Why Did Bank Stocks Crash During COVID-19?
We study the crash of bank stock prices during the COVID-19 pandemic. We find evidence consistent with a “credit line drawdown channel”. Stock prices of banks with large ex-ante exposures to undrawn credit lines as well as large ex-post gross drawdowns decline more. The effect is attenuated for banks with higher capital buffers. These banks reduce term loan lending, even after policy measures were implemented. We conclude that bank provision of credit lines appears akin to writing deep out-of-the-money put options on aggregate risk; we show how the resulting contingent leverage and stock return exposure can be incorporated tractably into bank capital stress tests.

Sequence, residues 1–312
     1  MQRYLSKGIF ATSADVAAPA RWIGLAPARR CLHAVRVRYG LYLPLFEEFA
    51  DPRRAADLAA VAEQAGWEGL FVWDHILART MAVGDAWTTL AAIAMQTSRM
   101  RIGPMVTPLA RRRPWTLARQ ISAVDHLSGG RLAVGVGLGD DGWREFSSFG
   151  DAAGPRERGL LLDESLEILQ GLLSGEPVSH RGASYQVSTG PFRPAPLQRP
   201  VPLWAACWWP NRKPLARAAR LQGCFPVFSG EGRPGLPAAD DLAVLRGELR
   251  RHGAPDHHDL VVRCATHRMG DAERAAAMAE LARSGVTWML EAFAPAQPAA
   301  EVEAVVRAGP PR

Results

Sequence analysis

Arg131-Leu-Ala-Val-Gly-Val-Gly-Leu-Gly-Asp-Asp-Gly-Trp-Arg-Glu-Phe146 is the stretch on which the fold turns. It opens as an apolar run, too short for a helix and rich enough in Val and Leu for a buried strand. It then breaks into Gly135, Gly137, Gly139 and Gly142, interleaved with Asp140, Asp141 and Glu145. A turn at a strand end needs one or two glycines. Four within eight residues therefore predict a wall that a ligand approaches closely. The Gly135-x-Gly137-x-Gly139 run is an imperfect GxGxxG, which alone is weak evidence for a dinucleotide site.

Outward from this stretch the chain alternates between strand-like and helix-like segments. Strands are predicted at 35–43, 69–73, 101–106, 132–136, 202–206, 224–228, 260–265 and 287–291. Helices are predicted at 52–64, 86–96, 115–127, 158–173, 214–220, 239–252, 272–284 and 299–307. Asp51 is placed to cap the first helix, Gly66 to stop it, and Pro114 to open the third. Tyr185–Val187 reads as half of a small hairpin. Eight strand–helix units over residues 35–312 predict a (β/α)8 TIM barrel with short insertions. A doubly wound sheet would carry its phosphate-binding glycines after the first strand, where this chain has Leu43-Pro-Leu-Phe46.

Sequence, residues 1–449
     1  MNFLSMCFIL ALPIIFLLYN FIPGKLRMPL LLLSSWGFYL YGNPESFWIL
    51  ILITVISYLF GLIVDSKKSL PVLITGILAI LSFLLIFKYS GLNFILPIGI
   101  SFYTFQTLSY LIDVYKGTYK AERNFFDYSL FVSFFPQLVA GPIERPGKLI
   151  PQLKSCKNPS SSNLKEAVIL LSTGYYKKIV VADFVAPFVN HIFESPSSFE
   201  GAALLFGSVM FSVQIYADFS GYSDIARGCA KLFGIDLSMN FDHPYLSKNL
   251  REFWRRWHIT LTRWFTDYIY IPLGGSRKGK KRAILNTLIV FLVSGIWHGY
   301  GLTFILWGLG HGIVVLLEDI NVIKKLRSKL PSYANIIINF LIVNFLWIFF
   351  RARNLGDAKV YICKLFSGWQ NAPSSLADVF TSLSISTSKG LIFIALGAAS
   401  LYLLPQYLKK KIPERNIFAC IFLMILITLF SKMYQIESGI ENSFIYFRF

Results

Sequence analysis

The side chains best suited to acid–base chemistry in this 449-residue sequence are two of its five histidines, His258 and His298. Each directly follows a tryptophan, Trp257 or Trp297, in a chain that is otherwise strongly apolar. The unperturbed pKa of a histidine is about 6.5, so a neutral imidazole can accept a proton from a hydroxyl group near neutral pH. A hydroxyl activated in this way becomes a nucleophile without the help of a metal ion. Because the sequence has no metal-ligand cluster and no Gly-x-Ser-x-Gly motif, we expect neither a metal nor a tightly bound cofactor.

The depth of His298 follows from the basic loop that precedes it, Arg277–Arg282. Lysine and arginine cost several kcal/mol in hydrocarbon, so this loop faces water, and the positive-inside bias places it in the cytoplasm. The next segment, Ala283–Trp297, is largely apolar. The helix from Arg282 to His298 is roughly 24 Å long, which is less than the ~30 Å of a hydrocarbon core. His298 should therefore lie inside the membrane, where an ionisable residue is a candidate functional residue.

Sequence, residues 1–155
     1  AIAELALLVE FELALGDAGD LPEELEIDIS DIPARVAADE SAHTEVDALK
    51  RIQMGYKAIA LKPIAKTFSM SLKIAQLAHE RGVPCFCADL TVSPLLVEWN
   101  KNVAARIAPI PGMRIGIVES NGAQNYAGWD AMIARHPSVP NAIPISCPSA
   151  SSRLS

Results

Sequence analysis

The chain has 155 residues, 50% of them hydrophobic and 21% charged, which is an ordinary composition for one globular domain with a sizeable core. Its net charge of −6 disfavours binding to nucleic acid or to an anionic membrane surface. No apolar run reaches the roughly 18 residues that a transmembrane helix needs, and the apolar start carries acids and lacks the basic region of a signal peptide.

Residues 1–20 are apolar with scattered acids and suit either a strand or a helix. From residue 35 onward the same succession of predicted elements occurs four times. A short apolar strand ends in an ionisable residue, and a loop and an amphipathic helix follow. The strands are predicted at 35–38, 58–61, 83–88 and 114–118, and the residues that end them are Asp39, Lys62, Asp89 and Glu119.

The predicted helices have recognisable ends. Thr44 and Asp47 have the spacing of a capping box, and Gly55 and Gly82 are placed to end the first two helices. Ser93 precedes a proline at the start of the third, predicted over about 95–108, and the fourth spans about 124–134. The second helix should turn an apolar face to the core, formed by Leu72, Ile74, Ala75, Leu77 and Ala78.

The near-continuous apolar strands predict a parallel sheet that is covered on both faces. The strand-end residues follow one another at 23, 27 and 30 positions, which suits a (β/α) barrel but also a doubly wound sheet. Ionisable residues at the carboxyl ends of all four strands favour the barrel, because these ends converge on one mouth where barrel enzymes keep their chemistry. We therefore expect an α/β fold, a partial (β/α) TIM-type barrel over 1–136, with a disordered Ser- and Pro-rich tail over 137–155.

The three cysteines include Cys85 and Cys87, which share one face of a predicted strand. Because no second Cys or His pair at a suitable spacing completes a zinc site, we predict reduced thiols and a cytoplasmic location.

We thank Jennie Bai, Tobias Berg, Allen Berger, Christa Bouwman, Olivier Darmouni, Darrel Duffie, Max Jager, Rafael Repullo, Phil Strahan, Daniel Streitz, Anjan Thakor, Josef Zechner and participants at the 2020 Federal Reserve Stress Testing Conference and seminar participants at the Annual Columbia SIPA/BPI Bank Regulation Research Conference, Banco de Portugal, Bank of England, CAF, Federal Reserve Bank of Cleveland, NYU Stern Finance, RIDGE Workshop on Financial Stability, University of Southern Denmark, University of Durham, Villanova Webinars in Financial Intermediation, the Volatility and Risk Institute, World Bank, WU Vienna, for comments and suggestions and Sophie-Dorothee Rothermund and Christian Schmidt for excellent research assistance. The views expressed herein are those of the authors and do not necessarily reflect the views of the National Bureau of Economic Research.